• NHS England investigated the CCG’s pay structure after complaints from MP
  • Report says governing body members at Liverpool CCG were paid ”significantly higher” than peer group
  • NHS England will liaise with Department of Health to ensure remuneration guidance for CCGs includes population measures

NHS England is to update its guidance on pay for clinical commissioning groups after a review found “significantly higher” remuneration levels at Liverpool CCG.

The national body investigated the CCG’s pay structure after complaints from an MP, and found that pay levels had been set without following appropriate governance procedures.

The findings resulted in the resignation of lay vice-chair Professor Maureen Williams, who had a salary of £100,000-£105,000.

The CCG has now published NHS England’s full report within its July board papers, which says: “Remuneration of NHS Liverpool CCG’s governing body members, excluding GP members, in financial year 2015-16 was significantly higher than a peer group of 10 other CCGs selected based on allocation…

“The chair, chief finance officer and chief nurse had the highest pay in their peer group; the chief officer had the second highest pay in their peer group; the two lay members were paid significantly more than any of their peer group; the practice nurse and secondary care doctor were paid significantly more than any of their peer group.”

The CCG has commissioned independent consultants to review its governing body pay in relation to NHS England’s guidance and the prevailing approach at similar CCGs.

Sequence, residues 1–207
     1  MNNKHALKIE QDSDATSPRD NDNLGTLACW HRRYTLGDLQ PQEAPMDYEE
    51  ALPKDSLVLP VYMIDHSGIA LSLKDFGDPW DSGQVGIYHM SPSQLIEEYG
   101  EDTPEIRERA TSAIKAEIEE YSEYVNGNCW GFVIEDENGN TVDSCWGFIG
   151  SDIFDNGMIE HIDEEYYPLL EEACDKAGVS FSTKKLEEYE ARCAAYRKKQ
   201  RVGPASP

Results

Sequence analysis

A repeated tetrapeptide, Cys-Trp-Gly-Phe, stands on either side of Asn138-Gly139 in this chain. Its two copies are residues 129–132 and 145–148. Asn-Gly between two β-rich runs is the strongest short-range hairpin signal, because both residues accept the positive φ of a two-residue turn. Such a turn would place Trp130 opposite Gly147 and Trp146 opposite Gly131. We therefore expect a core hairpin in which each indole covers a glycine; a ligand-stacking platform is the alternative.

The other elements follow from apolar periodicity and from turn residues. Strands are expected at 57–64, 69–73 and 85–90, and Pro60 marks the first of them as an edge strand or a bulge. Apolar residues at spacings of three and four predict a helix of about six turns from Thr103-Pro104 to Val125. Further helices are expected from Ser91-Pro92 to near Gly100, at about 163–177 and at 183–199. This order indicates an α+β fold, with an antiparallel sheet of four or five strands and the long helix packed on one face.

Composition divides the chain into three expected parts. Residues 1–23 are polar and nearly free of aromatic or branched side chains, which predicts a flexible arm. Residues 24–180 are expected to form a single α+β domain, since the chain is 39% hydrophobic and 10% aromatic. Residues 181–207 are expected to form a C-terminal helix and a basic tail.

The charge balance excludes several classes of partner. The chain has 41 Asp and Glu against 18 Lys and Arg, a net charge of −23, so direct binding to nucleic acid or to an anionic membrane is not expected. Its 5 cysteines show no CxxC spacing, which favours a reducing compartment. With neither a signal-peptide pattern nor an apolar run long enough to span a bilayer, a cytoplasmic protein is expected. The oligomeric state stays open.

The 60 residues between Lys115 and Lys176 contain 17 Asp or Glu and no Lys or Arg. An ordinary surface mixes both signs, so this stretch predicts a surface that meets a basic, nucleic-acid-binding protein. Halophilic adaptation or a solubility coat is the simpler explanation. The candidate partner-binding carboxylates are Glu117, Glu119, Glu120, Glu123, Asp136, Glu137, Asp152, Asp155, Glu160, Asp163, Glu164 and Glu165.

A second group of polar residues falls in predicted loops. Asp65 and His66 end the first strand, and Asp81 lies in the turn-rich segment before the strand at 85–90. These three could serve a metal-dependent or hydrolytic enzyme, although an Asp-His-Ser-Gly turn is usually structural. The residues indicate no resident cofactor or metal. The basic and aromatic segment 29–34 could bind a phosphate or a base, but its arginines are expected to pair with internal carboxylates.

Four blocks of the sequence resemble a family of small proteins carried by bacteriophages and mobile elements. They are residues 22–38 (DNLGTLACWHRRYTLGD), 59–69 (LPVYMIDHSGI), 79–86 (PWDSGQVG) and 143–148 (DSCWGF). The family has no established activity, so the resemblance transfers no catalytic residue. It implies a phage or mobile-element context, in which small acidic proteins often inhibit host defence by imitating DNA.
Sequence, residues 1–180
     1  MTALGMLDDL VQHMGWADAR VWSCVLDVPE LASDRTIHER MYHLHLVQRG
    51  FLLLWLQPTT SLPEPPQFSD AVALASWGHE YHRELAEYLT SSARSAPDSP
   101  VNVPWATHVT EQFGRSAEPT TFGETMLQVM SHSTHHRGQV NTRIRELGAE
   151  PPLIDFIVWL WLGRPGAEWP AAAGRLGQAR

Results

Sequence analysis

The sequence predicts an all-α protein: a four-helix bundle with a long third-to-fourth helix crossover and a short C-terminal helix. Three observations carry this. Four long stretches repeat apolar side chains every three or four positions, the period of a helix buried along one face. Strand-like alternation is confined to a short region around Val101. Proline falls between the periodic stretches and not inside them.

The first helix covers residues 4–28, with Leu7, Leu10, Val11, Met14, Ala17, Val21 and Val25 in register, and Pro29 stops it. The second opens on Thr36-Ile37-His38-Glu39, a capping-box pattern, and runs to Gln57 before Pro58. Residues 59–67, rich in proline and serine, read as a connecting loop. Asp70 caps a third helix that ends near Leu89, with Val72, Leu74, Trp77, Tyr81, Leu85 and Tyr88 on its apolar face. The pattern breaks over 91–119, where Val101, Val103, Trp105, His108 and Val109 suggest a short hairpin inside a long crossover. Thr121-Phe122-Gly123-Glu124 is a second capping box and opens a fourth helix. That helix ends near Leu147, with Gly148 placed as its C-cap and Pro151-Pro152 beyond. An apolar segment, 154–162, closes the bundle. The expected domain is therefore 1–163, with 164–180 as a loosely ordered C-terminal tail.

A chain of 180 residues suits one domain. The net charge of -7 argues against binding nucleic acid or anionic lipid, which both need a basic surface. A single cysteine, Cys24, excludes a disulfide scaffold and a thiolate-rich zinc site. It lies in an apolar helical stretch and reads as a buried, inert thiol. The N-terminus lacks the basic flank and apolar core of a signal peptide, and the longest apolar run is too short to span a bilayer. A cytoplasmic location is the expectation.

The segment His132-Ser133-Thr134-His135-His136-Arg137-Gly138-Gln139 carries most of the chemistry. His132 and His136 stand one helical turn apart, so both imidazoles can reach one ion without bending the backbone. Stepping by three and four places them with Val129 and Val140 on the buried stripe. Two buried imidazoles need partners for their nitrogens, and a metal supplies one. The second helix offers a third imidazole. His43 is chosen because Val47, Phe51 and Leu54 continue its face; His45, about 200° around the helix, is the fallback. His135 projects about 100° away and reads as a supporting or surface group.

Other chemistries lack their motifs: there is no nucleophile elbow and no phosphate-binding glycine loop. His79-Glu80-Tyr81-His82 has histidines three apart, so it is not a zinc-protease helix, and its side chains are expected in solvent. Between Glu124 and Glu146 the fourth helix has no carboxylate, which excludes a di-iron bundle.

The report says NHS England will liaise with the Department of Health to ensure remuneration guidance for CCGs includes population measures to help determine pay levels for the most senior staff.

Liverpool CCG is one of the largest in England, covering a population of more than 500,000 and with 90 member practices.

Katherine Sheerin, chief officer of the CCG, told HSJ: “We’ve accepted that we got some of our decision making processes wrong, and we are happy to share that and put things right. We will learn from this and move forward.

“It would be very helpful if the [NHS England] guidance was clearer, so that it’s clear which population measure should be used and whether there should be a weighting for complexity.”

The current guidance, written in 2012, says remuneration for lay members should be “in line with non-executive director payments in other NHS organisations”. Non-executive directors’ pay for NHS trusts is capped at £6,100, however foundation trusts are not bound by this.

Trust NEDs are typically contracted for two days a month, whereas Professor Williams was contracted for more than 80 hours a month.

According to the CCG’s annual report, Ms Sheerin’s salary was between £155,000 and £160,000 in 2015-16. Chief finance officer Tom Jackson was paid between £145,000 and £150,000, chief nurse Jane Lunt was paid between £115,000 and £120,000, and chair Dr Nadim Fazlani, whose salary includes “backfill” costs for his GP practice, received £150,000 to £155,000. These figures exclude pension benefits.

NHS England’s review was sparked by complaints from West Lancashire MP Rosie Cooper, who said: “It is not sufficient for the chair of the remuneration board to simply stand down, the governing Body should resign and pay back the monies they’ve grabbed.”